Rackspace Named a Top Company for Latinas — Again


Rackspace Named a Top Company for Latinas — Again

This blog post has been updated to reflect 2018’s results.

For the third year in a row, LATINA Style magazine has selected Rackspace as one of the 50 best companies for Latinas, as part of its annual LATINA Style 50 Report.

Now in it's 21st year, the annual survey of the 50 best companies for Latinas to work for in the U.S. is based on criteria set forth by readers themselves, and the magazine says it serves as one of the most respected source of employment and career information for Hispanic women in the country.

Rackspace ranked 42 this year.

The LATINA Style 50, according to the magazine, reflects those programs Latinas are looking for when seeking job opportunities. Among the principal areas of evaluation are: the number of Latina executives, Latina retention, mentoring programs, educational opportunities, employee benefits, job retraining, affinity groups, and Hispanic relations. Evaluations for the 2018 annual report are based on 2017 data.

“Our goal is to provide the most accurate picture of what corporate America has to offer. Selecting the top 50 companies for Latinas to work for is a difficult task. Great efforts are taken to ensure that Latinas can truly find best places where to nurture their careers,” says Robert E. Bard, president and CEO, LATINA Style, Inc.”

Rackspace invests a great deal in its employees and culture, one reason it regularly makes "great places to work" lists, including FORTUNE's “100 Best Companies to Work For,”  “Best Tech Workplaces” and “Best Workplaces for Parents.” We’re also a top workplace for millennials and veterans.

Marissa DeLeon, a global support technician with Rackspace, wasn't surprised to learn of the honor.

“In my previous job at a national nonprofit, I saw firsthand how Rackspace helps support students in the surrounding community,” she said. “Once I began working here, I saw how important diversity is here — and not just background or ethnicity, but diversity in thought and learning. That’s really celebrated here.”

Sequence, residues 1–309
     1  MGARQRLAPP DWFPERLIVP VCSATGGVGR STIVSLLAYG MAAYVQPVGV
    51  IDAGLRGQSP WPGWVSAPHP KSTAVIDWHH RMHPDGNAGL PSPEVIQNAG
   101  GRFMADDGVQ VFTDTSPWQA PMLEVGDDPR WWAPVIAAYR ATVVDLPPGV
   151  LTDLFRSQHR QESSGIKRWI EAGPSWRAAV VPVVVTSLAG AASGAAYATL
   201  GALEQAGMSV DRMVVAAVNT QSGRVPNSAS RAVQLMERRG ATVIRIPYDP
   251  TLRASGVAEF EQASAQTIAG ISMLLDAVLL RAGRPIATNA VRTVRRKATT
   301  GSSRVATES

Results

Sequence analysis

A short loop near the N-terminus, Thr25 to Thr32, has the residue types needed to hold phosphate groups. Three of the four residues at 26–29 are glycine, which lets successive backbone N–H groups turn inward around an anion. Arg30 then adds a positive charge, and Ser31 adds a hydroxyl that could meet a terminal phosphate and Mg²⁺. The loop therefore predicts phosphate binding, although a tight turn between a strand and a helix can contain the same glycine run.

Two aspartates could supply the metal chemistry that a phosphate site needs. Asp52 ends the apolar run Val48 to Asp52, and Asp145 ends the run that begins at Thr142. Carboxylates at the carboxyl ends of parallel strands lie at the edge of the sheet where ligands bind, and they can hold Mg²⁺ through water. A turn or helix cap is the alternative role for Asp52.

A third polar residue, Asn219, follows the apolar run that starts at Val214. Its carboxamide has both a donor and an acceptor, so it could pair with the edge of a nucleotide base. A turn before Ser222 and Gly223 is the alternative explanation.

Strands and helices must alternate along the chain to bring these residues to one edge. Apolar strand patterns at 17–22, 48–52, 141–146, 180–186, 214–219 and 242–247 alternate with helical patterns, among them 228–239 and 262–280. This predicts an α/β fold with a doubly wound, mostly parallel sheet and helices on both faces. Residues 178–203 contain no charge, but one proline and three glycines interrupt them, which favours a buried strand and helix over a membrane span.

DeLeon serves as vice chair of Viva, one of fourteen Rackspace Resource Groups, which offer members and leaders opportunities to grow their networks, be mentored, and practice leadership in a safe setting. For Hispanic Heritage Month, Viva will host several events, including a panel to discuss how Latinx culture shapes Rackers’ lives and careers and Café con Viva, an informal leadership talk over coffee and pan dulce, featuring Claudia Sanchez, a so-called “boomerang Racker” who left the company once but returned.

Sanchez, a Fanatical Support manager, started at Rackspace in 2002 as a billing specialist, a role that gave her the opportunity to work from Rackspace’s then-new London office for several years. Today, she's back in San Antonio.

“Because I was here early on, I feel like I have a unique perspective on our culture. For me, it’s very personal, and I think it’s a big reason Rackspace has been so successful. We always bring it back to the people,” she said.

Noting that San Antonio is 60 percent Hispanic, Sanchez said she appreciated that Rackspace reflects that: “Working with a lot of other Hispanic women empowering.”

LATINA Style compiles its rankings from a survey sent to selected companies each year. The return data is then analyzed to determine which companies are leading the way with diversity in the workplace, recruitment and career advancement opportunities for Latinas.

Lisa McLin, vice president of Channel Sales, has seen her career thrive since she first became a Racker.

"My heritage influences who I am," McLin said, "and in my 15-year career here, Rackspace has given me a workplace that allows me to be true to that heritage; I serve proudly as a Latina senior leader in the tech industry."

McLin began at Rackspace as a staff accountant and served as vice president of sales before being tapped to head Rackspace’s channel programs.

In January 2016, she was named executive sponsor for POWER, which stands for the Professional Organization for Women’s Empowerment at Rackspace, another Racker Resource Group. This year, she was named to the board of Directors for the Texas Conference for Women.

“POWER has more than 800 members across the globe,” McLin noted. “I think that really speaks to Rackspace’s commitment to women in tech, and I can say from experience that includes Hispanic women.”